1832

Antimodernism

Pope Gregor XVI. condemns modern culture, the liberal way of thinking and the "impudent science". Catholic clergymen agitate against liberal reforms.

1833

Baden Articles

Liberal catholic politicians call for democracy within the church and for the limitation of church influence on politics.

1833

Basel split

in two half-cantons. The rural population demands for political rights and declares autonomy when the city does not grant them.

1839

David Friedrich Strauss

A liberal protestant theologian is appointed professor at Zurich university. Conservative protestants enforce his resignation and and the liberal government resigns!

1841

Dissolution of Monasteries

Liberal catholic Augustin Keller protests against church propaganda and proposes the dissolution of monasteries in canton Aargau.

1844

Jesuits in Lucerne

Lucerne has a now conservative parliament and appoints the Jesuit order to take care of the education of priests.

1845

Armed radical marches

Armed radicals [radicalized liberals] march for Lucerne, they are defeated by regular troops.

1845

"Sonderbund"

Conservative catholic politicians fall back into old schemes of religious antagonism catholic vs. protestant and set up a secret Special Alliance [Sonderbund] of catholic cantons that happen to have conservative governments at the time. When the alliance becomes public, conservative protestants are as much frustrated as liberals.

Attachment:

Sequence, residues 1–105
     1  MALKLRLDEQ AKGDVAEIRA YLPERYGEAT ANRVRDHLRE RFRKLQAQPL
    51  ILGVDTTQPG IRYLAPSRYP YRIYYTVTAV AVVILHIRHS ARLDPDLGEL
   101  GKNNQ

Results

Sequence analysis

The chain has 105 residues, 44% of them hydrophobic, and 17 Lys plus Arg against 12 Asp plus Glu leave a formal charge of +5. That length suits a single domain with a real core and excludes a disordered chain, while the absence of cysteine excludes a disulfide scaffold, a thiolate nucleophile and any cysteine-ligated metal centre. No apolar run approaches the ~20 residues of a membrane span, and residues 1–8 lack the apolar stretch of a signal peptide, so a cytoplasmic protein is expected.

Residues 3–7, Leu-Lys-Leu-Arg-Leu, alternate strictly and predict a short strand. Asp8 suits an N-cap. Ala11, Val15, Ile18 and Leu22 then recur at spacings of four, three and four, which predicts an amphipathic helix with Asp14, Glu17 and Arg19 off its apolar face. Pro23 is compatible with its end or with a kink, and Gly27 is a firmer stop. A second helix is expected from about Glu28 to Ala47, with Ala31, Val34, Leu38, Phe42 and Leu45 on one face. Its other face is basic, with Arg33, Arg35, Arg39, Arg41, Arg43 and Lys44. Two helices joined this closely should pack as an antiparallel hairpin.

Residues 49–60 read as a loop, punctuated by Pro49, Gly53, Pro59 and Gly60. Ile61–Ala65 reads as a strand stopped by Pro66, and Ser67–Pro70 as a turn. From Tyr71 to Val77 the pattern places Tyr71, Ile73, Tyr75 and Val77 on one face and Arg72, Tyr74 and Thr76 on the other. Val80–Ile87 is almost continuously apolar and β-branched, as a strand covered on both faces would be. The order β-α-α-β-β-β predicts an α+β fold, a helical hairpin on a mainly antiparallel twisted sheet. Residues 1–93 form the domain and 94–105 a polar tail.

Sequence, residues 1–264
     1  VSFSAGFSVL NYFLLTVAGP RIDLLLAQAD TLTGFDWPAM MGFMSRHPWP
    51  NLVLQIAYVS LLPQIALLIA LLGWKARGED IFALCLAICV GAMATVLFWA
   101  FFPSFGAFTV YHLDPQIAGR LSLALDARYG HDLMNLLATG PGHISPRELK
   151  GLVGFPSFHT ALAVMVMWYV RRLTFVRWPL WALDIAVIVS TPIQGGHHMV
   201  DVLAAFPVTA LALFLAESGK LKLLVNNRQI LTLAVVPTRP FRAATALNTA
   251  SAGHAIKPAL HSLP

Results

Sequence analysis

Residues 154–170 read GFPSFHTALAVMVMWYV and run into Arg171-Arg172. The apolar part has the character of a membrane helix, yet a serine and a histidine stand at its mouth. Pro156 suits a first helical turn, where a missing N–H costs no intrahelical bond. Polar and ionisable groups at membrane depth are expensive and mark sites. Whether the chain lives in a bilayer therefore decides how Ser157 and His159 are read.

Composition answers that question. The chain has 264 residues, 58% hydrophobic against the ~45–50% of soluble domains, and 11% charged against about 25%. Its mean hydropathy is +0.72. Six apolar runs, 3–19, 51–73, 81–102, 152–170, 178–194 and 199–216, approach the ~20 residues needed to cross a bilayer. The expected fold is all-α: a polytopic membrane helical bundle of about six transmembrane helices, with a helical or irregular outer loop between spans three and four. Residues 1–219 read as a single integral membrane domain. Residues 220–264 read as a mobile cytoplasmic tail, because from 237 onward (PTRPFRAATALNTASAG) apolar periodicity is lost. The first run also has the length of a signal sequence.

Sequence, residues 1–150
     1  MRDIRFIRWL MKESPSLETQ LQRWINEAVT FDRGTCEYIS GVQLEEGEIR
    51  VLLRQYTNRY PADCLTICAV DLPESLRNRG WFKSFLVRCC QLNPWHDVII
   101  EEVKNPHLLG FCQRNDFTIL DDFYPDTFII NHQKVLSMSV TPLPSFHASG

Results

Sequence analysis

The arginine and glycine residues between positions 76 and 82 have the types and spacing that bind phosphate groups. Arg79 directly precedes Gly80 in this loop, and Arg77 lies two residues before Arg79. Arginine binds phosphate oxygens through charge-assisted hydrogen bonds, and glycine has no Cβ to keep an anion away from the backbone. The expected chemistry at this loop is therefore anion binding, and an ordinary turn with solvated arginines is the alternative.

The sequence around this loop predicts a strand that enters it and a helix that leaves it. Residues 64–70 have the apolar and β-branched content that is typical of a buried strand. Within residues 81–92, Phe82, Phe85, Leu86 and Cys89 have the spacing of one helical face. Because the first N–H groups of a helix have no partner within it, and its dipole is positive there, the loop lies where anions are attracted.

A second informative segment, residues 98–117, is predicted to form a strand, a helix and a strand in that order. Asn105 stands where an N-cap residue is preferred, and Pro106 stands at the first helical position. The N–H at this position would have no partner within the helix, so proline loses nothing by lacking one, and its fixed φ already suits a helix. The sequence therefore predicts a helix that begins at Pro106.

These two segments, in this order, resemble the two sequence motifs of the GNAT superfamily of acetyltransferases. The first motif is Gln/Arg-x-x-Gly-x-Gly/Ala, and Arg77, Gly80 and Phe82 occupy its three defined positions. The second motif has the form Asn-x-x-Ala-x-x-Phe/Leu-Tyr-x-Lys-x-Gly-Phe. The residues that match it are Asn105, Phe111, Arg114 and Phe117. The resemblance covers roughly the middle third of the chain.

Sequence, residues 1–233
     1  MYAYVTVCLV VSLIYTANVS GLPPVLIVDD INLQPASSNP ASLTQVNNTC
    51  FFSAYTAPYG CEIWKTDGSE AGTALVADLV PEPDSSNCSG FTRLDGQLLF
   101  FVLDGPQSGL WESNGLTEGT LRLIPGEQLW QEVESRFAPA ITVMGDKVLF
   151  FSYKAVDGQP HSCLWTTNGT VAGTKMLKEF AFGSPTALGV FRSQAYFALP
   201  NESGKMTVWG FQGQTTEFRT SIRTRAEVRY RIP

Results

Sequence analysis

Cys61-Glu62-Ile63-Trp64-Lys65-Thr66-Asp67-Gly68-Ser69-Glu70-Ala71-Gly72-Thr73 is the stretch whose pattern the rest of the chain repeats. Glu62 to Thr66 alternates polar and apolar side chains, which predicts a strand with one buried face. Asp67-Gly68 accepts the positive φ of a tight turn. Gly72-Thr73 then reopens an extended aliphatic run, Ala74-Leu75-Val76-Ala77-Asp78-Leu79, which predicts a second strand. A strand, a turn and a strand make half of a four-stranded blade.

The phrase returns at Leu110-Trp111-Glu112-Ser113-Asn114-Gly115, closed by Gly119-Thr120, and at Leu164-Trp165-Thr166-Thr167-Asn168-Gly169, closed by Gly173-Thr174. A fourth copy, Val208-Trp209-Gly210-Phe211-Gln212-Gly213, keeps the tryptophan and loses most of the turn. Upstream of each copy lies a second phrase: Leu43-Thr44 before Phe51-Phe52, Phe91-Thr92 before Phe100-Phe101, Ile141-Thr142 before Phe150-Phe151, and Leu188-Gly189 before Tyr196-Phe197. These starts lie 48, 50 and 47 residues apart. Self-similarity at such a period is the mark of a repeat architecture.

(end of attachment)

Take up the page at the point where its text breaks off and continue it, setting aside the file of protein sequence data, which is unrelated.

1847

"Sonderbundskrieg"
(civil war)

As the special alliance is unwilling to dissolve, a civil war settles the question. General Dufour leads the victorious federal troops. The leader of the conservative flees into Roman exile.

1848

Federal State

Now public opinion is ready for the new Federal Constitution combining elements of the U.S. constitution (Federal State with central and cantonal [state] governments and parliaments) and of French revolutionary tradition. The Principles of this constitution are still valid today.